Slough: Meet the duo sent in to help fix the council

MEET the government-appointed duo who will be helping to fix council finances for the next three years.

Lead commissioner Max Caller and finance commissioner Margaret Lee came to Slough in December after the government appointed them to oversee the cash-strapped council’s recovery until 2024.

This was in response to two damning reports on Slough Borough Council’s (SBC) finances and governance, produced by the government and the Chartered Institute of Public Finance and Accountancy (CIPFA).

Local government minister Kemi Badenoch told Parliament in November the commissioners would “start the process of rebuilding confidence and trust between the council, councillors and the communities they serve”.

READ MORE: Slough Council’s woes “will get worse before it gets better”

During their time in Slough, the commissioners could cost SBC up to £1m a year. The lead commissioner could be paid £2,400 and his assistant £2,100 per week.

The duo’s job is to oversee the SBC’s recovery and to challenge decision-makers throughout the process, as well as hold them to account to make sure the council doesn’t slip back into ruin.

Slough Observer:

Mr Caller’s job as lead commissioner is to ensure the council is complying with government directions, to exercise powers taken away from SBC and given to commissioners [such as appointing and dismissing statutory officers], and to report to the minister and secretary of state on the council’s progress every six months with their view what the council needs to do to keep that improvement in place.

Previously, he led the best value inspections at Northamptonshire and Liverpool and was a commissioner at Tower Hamlets.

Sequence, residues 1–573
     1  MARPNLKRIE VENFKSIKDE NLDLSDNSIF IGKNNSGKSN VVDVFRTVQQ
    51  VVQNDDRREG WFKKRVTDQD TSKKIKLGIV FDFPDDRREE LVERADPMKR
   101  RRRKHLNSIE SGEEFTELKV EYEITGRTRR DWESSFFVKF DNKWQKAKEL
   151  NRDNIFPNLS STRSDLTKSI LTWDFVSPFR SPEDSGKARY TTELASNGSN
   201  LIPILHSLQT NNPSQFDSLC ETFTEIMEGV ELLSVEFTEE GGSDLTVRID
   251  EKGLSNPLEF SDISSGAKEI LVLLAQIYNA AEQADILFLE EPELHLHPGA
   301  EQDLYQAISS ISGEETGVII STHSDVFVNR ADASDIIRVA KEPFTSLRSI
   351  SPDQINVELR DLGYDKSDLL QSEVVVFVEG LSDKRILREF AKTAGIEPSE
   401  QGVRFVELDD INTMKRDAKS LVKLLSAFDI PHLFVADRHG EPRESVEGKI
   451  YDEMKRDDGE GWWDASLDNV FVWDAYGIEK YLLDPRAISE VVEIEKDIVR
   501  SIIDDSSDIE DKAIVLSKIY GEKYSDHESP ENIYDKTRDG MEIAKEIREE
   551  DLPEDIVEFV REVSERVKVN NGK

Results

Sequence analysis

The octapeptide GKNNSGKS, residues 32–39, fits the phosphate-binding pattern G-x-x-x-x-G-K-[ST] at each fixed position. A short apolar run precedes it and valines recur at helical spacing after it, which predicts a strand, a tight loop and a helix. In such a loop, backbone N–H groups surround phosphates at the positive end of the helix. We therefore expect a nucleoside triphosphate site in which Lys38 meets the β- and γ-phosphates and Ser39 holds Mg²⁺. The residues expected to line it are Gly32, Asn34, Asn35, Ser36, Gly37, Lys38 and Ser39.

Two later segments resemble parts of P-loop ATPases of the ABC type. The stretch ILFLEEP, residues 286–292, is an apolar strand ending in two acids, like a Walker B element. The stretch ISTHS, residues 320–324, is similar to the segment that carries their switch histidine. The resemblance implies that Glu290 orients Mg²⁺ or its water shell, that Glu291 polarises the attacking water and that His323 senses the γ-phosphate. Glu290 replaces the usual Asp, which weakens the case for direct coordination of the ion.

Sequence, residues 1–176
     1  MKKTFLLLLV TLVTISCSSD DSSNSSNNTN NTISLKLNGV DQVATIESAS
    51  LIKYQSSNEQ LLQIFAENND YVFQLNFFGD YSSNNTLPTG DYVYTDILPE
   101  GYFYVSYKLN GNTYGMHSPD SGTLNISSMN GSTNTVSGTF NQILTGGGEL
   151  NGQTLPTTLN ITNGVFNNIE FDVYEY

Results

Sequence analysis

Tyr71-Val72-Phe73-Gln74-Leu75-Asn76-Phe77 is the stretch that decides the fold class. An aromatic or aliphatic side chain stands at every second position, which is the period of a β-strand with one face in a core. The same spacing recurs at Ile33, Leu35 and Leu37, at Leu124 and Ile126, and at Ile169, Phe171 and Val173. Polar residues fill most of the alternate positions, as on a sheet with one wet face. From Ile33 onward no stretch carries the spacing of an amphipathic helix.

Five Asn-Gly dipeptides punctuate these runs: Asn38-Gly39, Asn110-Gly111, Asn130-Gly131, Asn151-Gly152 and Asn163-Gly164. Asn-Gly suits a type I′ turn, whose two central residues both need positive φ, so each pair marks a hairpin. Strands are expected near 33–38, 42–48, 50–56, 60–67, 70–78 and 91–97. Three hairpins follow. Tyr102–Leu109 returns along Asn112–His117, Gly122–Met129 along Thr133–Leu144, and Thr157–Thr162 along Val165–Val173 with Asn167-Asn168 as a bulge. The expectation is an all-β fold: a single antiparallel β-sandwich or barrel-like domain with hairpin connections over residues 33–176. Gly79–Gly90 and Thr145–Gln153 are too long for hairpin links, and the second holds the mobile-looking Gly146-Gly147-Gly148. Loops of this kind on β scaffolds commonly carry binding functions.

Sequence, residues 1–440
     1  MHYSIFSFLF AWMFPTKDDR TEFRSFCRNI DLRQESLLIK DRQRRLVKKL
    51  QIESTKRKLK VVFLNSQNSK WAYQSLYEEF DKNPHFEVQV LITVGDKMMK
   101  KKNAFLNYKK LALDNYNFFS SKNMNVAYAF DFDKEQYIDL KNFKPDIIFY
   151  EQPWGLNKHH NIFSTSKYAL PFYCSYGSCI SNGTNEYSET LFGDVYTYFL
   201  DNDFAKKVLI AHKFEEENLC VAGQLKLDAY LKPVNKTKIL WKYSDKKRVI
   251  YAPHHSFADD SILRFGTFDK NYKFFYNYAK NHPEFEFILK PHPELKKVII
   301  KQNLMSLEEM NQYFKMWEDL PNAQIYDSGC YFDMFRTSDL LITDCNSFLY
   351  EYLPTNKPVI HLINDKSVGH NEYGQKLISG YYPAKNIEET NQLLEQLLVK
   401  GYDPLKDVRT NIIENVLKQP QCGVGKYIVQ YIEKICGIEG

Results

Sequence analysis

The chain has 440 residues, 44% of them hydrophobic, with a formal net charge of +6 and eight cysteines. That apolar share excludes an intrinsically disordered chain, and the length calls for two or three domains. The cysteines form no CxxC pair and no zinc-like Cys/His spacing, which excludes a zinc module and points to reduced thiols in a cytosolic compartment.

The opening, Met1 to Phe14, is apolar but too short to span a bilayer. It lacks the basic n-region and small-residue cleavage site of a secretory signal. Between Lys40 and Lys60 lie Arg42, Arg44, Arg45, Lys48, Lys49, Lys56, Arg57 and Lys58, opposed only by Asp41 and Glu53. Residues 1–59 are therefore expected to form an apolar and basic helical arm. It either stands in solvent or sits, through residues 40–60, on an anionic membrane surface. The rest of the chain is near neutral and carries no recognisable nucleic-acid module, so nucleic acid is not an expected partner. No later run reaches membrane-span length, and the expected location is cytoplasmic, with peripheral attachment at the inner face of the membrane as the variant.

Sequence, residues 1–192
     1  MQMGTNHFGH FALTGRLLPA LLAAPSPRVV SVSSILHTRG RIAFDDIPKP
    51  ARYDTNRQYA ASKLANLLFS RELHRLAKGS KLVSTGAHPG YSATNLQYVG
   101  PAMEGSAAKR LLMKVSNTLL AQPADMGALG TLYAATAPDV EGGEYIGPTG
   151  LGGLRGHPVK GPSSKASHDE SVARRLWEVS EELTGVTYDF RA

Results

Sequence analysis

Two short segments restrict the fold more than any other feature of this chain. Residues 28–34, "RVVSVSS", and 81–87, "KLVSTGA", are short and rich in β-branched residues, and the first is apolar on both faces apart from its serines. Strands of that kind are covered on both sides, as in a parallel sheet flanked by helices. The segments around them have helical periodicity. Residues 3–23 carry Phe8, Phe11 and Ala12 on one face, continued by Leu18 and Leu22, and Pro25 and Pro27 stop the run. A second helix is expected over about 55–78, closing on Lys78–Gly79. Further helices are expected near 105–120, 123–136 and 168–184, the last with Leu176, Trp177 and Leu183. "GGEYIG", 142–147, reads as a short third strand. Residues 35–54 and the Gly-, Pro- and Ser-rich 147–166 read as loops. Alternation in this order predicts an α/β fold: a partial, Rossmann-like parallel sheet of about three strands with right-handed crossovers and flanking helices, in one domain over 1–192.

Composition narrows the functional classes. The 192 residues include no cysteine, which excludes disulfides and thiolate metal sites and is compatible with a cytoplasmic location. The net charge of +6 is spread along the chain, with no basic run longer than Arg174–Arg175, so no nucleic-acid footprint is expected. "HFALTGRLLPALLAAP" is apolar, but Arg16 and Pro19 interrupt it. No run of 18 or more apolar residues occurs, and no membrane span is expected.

During the Tower Hamlet intervention, the then Ministry of Housing, Communities, and Local Government said Mr Caller had extensive experience, particularly in diagnosing poor practice and leading improvement, as well as dealing with complex budgets.

He was also a former chief executive for the London Borough of Barnet for 11 years, from 1989 to 2000.

READ MORE: Slough Borough Council could swap to all-out elections

Afterwards, he became the chief executive of the London Borough of Hackney from 2000 to 2004 where he managed to transform it from one of the worst local authorities to one of the fastest improving.

He is also the former chair of the Local Government Boundary Commission for England.

Mr Caller has done political work outside of the United Kingdom, overseeing elections in Albania and Montenegro, and as a Commonwealth observer for elections in Kenya and Ghana.

Because SBC’s finances are very bad on an “unprecedented” level, Margaret Lee’s role as finance commissioner is to work with the local authority to devise a mechanism and discipline for the council to bounce back and set legally balanced budgets each year.

Slough Observer: Maragret Lee, finance commissionerMaragret Lee, finance commissioner

Margaret Lee recently retired from Essex County Council where she held the post of Executive Director for Corporate and Customer Services, as well as holding the senior role of chief finance officer.

She is the finance lead on the Improvement and Assurance Panel for the London Borough of Croydon, which announced bankruptcy in 2020.

The lead commissioner said this is an “intense programme” to start out where the duo is working three to four days a week each as well as the weekends to help fix SBC’s financial mess.

But Mr Caller believes this level of work will “ease off” throughout the year when SBC has a coherent recovery plan in place the commissioners can endorse and the council actioning it.

He said: “This council has got to come back to the mainstream of local government. Our job is to help them get there and to stop them not slipping back.

“Our intention would be that the council improves sufficiently quickly that we won’t be here in three years’ time and that the time we spend in Slough in year three will be much less because we can rely on the council’s practises, processes, and delivery.

“But at this minute, they have a huge amount to do and it’s a struggle for them.”

Slough Observer | News